RODRIGUEZ: I don't know who would get more attention, Sully or Barack Obama? It may be a toss-up. What we do know, is that Sully and crew, if they come here, will be joined by 2 million plus people who are expected here on the National Mall for the inauguration of Barack Obama tomorrow. To kick off the three-day celebration, Barack Obama, his wife and daughters took a train ride. Jeff Glor is at Lafayette Park with a recap of the weekend. Good morning, Jeff.

JEFF GLOR: Hey, Maggie, good morning to you. Yeah, here at Lafayette Park, this is the viewing stand where the president, and he will be the president by then, will watch part of this parade tomorrow. The White House is then directly behind that. That comes up tomorrow, but there was a big day yesterday. For Barack Obama, Sunday was both somber and celebratory. Under cloudy skies, the president and vice president-elect began by laying two large wreaths at the Tomb of the Unknowns. Followed by church service at 19th Street Baptist.

UNIDENTIFIED PEOPLE: Obama! Obama! Obama!

GLOR: One of the oldest and most historic African-American churches in Washington.

BRUCE SPRINGSTEEN [SINGING]: Come on up for the rising!

GLOR: But the event that got the most attention was an afternoon concert at the Lincoln Memorial, attended by hundreds of thousands spread long across the National Mall. Big-name actors, sports stars, and musicians took the stage. Bono, Bruce Springsteen, Garth Brooks.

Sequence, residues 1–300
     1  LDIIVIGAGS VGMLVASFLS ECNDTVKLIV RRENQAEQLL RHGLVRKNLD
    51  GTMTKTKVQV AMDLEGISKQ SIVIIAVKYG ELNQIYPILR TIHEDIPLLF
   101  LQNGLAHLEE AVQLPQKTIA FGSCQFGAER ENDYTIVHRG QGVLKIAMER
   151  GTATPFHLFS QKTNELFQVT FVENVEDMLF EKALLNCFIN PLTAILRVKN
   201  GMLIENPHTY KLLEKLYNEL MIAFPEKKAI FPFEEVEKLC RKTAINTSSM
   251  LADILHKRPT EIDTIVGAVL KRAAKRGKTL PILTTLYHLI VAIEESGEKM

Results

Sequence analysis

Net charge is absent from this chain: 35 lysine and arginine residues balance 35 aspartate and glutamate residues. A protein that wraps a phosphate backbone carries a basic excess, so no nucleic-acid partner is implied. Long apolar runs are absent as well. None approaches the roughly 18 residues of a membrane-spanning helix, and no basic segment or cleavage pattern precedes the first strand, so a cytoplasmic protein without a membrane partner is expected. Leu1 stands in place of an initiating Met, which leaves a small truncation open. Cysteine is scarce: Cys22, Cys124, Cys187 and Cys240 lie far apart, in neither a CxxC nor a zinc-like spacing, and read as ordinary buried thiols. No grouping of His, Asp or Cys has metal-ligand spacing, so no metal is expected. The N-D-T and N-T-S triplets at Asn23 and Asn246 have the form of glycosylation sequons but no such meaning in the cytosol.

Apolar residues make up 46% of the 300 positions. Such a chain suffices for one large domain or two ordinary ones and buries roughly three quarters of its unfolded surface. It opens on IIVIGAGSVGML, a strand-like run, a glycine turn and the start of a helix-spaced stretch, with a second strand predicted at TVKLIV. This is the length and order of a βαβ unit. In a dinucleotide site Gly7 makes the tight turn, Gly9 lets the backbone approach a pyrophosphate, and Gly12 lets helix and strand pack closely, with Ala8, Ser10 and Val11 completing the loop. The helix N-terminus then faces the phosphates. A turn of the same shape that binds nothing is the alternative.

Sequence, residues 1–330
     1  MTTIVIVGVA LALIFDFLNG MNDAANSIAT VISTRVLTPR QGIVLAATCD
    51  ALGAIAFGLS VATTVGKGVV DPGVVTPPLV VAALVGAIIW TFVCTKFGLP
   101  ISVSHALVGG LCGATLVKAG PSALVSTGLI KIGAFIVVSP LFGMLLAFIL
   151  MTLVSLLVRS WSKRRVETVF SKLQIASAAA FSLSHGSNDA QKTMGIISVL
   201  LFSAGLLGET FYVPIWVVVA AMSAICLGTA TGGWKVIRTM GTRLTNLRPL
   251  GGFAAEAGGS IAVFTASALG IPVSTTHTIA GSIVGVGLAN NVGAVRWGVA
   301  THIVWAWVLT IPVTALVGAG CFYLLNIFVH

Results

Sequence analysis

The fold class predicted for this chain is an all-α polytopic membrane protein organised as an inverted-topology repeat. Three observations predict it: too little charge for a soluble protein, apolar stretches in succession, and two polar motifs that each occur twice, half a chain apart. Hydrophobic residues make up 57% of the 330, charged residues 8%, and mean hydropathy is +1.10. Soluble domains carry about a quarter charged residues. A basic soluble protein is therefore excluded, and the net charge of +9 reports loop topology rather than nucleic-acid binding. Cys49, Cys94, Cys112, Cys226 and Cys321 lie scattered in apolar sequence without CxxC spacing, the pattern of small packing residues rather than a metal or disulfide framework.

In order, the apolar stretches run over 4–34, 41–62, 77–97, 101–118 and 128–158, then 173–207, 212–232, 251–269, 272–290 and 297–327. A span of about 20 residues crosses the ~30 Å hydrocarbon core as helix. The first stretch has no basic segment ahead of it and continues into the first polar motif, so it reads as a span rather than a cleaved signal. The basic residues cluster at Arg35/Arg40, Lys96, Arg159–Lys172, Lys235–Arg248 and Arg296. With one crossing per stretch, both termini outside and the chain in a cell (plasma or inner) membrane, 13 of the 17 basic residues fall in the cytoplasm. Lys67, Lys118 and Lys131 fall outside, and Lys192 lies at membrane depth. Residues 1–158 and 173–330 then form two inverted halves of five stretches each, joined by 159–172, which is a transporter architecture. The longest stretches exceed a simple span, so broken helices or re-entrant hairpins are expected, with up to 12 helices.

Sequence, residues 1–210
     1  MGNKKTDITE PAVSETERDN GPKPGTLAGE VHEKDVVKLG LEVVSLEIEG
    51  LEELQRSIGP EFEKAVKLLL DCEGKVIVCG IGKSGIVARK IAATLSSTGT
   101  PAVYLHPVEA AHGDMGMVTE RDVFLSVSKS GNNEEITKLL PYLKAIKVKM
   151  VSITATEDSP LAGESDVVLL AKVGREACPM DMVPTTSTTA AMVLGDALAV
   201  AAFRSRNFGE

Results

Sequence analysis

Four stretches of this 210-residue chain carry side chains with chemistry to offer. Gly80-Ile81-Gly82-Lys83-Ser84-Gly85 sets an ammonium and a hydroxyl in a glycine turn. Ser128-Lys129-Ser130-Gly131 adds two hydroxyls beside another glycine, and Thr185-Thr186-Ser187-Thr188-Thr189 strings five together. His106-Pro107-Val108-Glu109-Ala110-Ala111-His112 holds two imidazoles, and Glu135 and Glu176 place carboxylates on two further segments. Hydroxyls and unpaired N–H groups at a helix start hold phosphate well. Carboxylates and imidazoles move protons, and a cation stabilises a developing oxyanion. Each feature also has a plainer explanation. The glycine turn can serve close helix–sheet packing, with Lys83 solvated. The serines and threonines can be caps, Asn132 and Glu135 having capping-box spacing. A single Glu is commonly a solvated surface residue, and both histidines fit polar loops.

GARTH BROOKS [SINGING]: We all were singing bye-bye miss American pie.

GLOR: The presidential party watched from the side, behind bulletproof glass. Obama sitting but singing along-

BROOKS: Good old boys drinking whiskey and rye, singing this will be the day that I die.

GLOR: -before eventually giving a speech himself, standing in front of the president he admires most.

BARACK OBAMA: As I stand here today, what gives me the greatest hope of all is not the stone and marble that surrounds us but what fills the spaces in between. It is you.

GLOR: Even though there will be a great deal of pomp and circumstance today and tomorrow, the Obama Administration, the incoming administration, is trying to send a message that this is as much about work as it is about celebration. The administration has confirmed to us this morning they'll have shuttle vans ready to take some staffers directly from the inauguration into the White House so they can be sitting at their desks tomorrow afternoon to start working. Harry and Maggie.

RODRIGUEZ: Wasting no time. CBS's Jeff Glor. Thank you, Jeff.

Kyle Drennen
Kyle Drennen
Kyle Drennen is a News Analyst for MRC